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Quick Share may soon be enabled by default on every Chromebook

Quick Share may soon be enabled by default on every Chromebook

A new Chrome OS flag has appeared that enables the Quick Share feature by default.
Quick Share is Google’s local file sharing service that works between Android, Chrome OS, and Windows.
The visibility setting will default to “Your Devices,” meaning you’ll only be able to share files with your own devices, but this can be changed.

Moving files between your Android phone and Chromebook is really simple, thanks to Quick Share. Quick Share is Samsung’s and Google’s file-sharing service that lets you transfer any number of files, both small and large, over a local network connection, meaning your files don’t pass through the cloud. Although enabling Quick Share on Chrome OS is quite easy, Google is preparing to enable it by default anyway to increase its adoption.

Quick Share has been available on Chromebooks since Chrome OS version 91 was released in June 2021, back when the feature was still called Nearby Share. Over the years, it has received updates that added a touch of Material You design to the sharing screens and introduced Self-Share to remove the confirmation when sharing files with your own devices. Google now has plans for an overhaul of Quick Share for Chrome OS, which not only includes enabling the feature by default but also removing the Selected Contacts visibility.

A few days ago, Google introduced a new flag to the Chrome OS codebase called “Quick Share V2.” This flag “enables Quick Share v2, which defaults Quick Share to ‘Your Devices’ visibility, removes the ‘Selected Contacts’ visibility, [and] removes the Quick Share On/Off toggle.” The flag’s description is pretty self-explanatory, but in case you aren’t familiar with it, the Your Devices visibility setting allows file transfers only when the other device(s) are signed into the same Google Account as your Chromebook. The removal of the Selected Contacts visibility setting means you won’t be able to selectively filter out which of your contacts can share with you — it’s everyone or no one. Lastly, removing the on/off toggle means you won’t be able to fully disable Quick Share on your Chromebook anymore, though setting the visibility to Your Devices means you won’t be bothered by other people trying to share files with you.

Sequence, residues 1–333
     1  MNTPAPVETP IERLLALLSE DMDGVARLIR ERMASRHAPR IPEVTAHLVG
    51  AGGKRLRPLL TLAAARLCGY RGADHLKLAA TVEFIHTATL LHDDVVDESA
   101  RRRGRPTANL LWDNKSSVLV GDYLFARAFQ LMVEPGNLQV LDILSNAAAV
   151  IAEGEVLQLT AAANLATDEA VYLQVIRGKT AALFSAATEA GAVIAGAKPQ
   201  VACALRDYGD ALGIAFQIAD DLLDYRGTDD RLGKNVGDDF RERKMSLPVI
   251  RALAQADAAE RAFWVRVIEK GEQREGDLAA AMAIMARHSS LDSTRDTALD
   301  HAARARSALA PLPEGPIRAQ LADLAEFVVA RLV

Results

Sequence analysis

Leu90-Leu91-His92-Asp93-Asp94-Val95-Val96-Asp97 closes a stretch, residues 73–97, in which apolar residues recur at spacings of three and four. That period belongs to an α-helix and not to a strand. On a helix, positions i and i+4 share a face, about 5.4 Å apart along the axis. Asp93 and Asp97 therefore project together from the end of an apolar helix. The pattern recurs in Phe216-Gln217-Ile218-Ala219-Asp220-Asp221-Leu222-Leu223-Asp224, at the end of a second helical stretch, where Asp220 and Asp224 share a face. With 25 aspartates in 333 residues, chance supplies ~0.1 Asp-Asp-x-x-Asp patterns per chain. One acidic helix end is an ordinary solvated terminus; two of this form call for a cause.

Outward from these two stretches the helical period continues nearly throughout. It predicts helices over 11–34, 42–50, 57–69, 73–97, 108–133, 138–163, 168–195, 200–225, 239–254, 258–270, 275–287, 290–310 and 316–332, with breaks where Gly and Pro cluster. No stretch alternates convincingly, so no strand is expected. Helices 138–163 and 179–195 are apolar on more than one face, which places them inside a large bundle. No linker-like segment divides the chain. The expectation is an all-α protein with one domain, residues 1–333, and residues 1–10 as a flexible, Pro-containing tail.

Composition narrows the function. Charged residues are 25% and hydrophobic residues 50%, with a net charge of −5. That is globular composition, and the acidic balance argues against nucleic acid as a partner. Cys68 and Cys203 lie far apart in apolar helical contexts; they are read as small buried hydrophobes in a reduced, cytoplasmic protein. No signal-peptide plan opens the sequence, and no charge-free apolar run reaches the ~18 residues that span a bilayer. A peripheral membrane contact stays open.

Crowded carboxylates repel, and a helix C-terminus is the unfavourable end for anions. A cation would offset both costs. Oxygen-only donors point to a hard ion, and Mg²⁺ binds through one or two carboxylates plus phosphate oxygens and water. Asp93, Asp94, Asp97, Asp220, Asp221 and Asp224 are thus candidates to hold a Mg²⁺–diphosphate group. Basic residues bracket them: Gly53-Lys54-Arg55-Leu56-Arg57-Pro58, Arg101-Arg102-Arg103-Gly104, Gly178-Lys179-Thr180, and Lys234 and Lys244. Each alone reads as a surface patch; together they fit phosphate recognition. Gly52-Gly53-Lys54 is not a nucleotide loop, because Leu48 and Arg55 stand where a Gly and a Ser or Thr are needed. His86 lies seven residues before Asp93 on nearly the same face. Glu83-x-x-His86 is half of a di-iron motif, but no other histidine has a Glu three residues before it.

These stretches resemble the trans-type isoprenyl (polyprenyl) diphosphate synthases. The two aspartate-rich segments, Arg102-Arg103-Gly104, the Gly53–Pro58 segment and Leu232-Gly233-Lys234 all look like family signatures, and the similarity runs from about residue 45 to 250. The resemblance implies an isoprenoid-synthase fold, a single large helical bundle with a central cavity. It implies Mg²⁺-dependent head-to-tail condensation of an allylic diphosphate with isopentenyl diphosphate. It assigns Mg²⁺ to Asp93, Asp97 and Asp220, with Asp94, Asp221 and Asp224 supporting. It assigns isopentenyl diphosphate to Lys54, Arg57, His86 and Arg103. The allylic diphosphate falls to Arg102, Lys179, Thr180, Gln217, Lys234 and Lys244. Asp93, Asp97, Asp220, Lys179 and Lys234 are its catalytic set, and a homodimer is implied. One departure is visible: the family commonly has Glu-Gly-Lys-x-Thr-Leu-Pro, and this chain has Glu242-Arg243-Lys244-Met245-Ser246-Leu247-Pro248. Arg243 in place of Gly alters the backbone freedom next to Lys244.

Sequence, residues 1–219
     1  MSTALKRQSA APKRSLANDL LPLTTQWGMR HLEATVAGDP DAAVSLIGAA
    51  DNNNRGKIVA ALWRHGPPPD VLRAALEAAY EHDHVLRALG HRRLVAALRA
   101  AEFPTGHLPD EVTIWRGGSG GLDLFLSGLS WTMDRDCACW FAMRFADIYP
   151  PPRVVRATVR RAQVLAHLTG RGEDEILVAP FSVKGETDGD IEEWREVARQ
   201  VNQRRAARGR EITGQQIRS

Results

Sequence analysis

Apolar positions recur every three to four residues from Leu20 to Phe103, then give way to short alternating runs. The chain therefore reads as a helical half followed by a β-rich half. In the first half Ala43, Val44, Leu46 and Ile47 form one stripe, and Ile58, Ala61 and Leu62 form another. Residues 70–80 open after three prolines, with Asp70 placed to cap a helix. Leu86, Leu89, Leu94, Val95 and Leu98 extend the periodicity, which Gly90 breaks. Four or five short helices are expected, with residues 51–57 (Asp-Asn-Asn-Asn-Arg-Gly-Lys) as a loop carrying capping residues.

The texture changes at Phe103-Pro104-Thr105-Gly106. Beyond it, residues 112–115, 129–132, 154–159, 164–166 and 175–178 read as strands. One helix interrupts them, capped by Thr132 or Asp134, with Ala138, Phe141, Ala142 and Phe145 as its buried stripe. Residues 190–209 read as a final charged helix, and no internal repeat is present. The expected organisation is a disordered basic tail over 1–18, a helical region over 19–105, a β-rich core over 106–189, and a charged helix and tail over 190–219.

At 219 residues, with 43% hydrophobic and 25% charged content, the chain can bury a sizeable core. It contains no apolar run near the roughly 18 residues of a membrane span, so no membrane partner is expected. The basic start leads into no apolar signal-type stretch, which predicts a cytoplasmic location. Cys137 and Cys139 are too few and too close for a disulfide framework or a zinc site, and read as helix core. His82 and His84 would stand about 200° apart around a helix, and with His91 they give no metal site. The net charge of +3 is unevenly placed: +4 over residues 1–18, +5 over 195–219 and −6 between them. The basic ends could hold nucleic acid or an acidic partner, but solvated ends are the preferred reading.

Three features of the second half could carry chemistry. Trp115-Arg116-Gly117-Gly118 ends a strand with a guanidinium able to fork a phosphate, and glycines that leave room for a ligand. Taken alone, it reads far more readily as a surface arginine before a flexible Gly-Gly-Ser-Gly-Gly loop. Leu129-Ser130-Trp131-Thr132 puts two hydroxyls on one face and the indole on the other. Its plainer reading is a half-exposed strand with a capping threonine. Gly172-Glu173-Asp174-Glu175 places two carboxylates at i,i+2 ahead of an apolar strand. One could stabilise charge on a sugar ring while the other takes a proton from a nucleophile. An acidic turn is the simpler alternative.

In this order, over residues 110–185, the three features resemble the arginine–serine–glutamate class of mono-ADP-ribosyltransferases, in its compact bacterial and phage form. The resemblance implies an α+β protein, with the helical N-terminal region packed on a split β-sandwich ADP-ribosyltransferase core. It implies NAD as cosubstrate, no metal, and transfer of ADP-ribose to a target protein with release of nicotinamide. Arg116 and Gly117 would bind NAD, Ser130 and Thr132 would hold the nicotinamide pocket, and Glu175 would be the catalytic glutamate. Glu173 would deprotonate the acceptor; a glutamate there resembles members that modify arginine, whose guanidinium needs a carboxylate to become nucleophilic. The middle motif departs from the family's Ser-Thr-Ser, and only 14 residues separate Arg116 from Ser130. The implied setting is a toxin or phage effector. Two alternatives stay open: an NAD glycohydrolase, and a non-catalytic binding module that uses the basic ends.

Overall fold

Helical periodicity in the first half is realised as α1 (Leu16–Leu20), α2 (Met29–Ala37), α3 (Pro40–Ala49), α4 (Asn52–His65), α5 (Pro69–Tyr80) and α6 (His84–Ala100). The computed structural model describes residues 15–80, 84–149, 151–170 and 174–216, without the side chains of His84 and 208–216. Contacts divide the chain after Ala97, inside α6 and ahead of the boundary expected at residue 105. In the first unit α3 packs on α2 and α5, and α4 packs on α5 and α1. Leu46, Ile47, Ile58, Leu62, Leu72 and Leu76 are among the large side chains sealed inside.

These changes will bring Quick Share for Chrome OS in line with Quick Share for Android, which already behaves this way. Because Quick Share is prominently displayed throughout Android’s share menu, there’s a possibility that some users who weren’t aware they could share files with their Chromebook through the feature will now know they can. After all, enabling Quick Share right now on Chrome OS requires diving into settings, which is something that some users simply don’t bother with.

Credit: Mishaal Rahman / Android Authority

Since this Quick Share V2 flag was just merged, it should appear soon on Chromebooks running Chrome OS Canary builds. However, the flag isn’t enabled by default yet, so we don’t know when Google plans to roll out this minor overhaul. The latest stable release of Chrome OS is version 126, but Google is currently testing version 128 in developer channels. It’s anyone’s guess when Quick Share V2 will roll out, but we’ll keep an eye on the Chrome OS codebase to find out when that’ll happen.

Although Quick Share V2 seems to involve only minor changes to the feature, Google is separately working on a big upgrade that could be eventually included under the V2 rollout. Quick Share for Chrome OS may soon utilize a peer-to-peer Wi-Fi connection for faster file transfers, bringing its performance in line with Android-to-Android transfers. Google must first enable support for peer-to-peer Wi-Fi in Chrome OS before Quick Share can take advantage of it. Fortunately, it’s been working on that over the last few months, so it’s only a matter of time before this upgrade arrives on Chromebooks.

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